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Fast Company has a story detailing the threat presented by a banana-killing fungus that is threatening the very existence of the Cavendish variety, which is ubiquitous in US supermarkets.

According to the story, "In late January, when the Venezuelan government announced that it had detected a banana-killing fungus on farms in some areas, it was the latest outbreak of a disease that has been slowly spreading around the world. Last year, Peru declared a state of emergency when it detected the same disease. In Colombia, where the fungus was discovered in 2019, hundreds of acres of banana trees were destroyed in an attempt to stop it from spreading.

"First discovered in Taiwan in the 1990s, the fungus spread through Asia to the Middle East and Africa before ending up in Central and South America. Once it’s in the soil, it stays there, so the land can no longer be used to grow bananas.

"No good solution exists yet. But on a Dole banana plantation in Central America, a new field trial will soon test Cavendish bananas that have been gene edited in an attempt to help them survive the fungus. Elo Life Systems, the biotech company that developed the bananas, used data analytics to quickly sort through the genomes of other varieties (and other plants) that are naturally resistant to the disease."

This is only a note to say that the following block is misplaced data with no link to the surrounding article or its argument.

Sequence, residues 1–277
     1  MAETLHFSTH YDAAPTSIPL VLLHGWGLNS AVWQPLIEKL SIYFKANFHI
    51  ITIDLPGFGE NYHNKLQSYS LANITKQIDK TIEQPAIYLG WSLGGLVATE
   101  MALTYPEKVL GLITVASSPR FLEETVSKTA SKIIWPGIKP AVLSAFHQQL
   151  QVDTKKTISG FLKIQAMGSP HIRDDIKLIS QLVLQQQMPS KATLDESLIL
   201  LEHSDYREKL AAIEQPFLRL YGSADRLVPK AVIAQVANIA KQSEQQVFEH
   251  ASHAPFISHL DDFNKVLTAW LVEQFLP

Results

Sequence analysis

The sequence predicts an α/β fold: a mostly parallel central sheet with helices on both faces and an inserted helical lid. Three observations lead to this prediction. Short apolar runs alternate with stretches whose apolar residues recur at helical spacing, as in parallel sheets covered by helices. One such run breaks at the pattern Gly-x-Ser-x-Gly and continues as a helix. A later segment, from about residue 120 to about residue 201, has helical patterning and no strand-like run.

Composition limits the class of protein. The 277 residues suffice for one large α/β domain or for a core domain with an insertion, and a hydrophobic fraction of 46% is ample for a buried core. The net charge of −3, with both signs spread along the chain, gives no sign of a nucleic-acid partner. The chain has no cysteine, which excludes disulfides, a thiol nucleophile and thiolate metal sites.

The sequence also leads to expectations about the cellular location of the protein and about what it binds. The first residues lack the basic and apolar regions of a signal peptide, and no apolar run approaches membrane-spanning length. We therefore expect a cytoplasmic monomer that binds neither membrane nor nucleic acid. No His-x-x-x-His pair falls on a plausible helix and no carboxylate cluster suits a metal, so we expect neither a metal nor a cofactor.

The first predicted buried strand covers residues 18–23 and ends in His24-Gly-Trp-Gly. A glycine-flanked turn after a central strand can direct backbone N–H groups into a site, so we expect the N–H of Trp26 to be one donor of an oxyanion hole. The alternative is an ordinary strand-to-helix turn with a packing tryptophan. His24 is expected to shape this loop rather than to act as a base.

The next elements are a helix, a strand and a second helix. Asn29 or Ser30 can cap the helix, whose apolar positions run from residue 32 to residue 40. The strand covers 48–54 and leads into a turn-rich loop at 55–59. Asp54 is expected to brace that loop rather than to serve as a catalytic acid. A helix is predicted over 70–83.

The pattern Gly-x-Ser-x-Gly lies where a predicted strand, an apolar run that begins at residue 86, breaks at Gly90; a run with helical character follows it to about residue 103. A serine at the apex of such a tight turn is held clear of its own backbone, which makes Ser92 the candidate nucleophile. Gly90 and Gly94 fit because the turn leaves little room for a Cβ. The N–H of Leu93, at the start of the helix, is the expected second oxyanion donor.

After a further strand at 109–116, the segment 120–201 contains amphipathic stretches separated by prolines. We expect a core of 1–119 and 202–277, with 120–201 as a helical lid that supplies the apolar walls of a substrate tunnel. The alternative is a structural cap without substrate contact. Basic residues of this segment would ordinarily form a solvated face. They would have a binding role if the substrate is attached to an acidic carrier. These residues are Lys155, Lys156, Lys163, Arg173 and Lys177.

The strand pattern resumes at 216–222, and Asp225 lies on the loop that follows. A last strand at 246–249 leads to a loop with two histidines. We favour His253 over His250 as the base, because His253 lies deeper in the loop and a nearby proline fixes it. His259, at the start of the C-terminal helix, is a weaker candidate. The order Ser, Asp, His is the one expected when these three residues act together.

The story notes that "since it takes time for the trees to grow, the new plants at the Dole plantation aren’t yet proven. But in the lab, the gene-edited bananas survived high doses of the fungus. Now they’ll be grown and tested in Dole’s nurseries, and then moved into fields that are not in use because they’re infected with the fungus. By the end of next year, researchers should know whether the plants can survive and perform as well as the original banana trees. Other startups are also racing to test gene-edited bananas."

KC's View:

One of the interesting things about this story is that it points out that as climate change makes it harder to grow all sorts of crops, we're likely to see more gene editing taking place to keep the food flow sustainable.  Which may dismay some people, but may absolutely be necessary.